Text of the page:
11 Minute Read
You’ve heard for years that Dave recommends investing in mutual funds. It sounds like a great plan, but after researching mutual funds on your own, you feel overwhelmed and you’re lost in the lingo. Front-loaded, end-loaded, over-loaded—there are a lot of details and it’s no wonder you feel confused.
How are you supposed to build a solid nest egg if you can’t make sense of your options? The best place to go for a complete explanation of your investing options is a financial advisor. But keep this in mind: While your advisor provides education, you’re ultimately the one who calls the shots when it comes to your retirement.
What Are Mutual Funds?
Before we look at how to invest in mutual funds, let’s define what a mutual fund is. When an investor buys a mutual fund, they contribute to a pool of money to be managed by a team of investment professionals. This team selects the mix of stocks, bonds, money market accounts, etc., included in the mutual fund based on the fund’s specific objective.
The major benefit of mutual funds is they allow investors to invest in many different companies at once. If you have a tax-advantaged retirement savings account, like a workplace 401(k) plan or a Roth IRA, that’s the easiest place to start investing in mutual funds.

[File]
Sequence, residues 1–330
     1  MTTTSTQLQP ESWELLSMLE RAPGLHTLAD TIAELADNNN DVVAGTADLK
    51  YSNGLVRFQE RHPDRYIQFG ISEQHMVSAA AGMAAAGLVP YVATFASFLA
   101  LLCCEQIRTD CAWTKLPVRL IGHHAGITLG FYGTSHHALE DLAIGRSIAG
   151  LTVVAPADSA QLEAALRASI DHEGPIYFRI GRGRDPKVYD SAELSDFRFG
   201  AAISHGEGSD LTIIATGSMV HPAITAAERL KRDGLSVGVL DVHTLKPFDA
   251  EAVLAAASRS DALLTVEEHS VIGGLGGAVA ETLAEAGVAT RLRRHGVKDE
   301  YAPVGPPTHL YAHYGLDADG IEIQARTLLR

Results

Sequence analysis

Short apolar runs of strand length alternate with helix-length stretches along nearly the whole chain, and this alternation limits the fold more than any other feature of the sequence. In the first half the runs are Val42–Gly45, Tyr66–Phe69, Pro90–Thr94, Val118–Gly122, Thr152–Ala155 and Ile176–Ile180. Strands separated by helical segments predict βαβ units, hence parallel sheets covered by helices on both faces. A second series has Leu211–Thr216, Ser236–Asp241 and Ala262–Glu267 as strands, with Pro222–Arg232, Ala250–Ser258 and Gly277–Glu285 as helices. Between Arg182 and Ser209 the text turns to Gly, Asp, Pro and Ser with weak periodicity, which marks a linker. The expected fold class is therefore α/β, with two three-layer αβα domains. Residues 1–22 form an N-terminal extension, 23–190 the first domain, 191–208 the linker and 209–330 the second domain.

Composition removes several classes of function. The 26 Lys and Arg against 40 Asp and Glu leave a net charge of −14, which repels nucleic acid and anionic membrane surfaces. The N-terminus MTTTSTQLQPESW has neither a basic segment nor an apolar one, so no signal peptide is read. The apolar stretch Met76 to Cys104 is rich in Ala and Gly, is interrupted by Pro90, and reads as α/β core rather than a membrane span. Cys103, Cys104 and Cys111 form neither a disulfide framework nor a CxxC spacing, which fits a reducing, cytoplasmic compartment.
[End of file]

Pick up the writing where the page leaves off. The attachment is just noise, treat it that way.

You've got options with investing. Learn which is right for you.
How Do You Make Money From Mutual Funds?
When mutual funds increase in value, the profit is shared with the investors. That distribution can then be reinvested to buy more shares of the stock. Those shares make more profit, which can be reinvested and on and on.
The most important factor in making money from mutual funds is investing consistently for a long period of time. How long you keep your money invested is even more important than what funds you choose to invest in!
You want to use a buy-and-hold strategy when investing in mutual funds. Don’t try to time the market by buying and selling based on trends. Choose investments with a long history of above average returns, and stick with them for the long haul.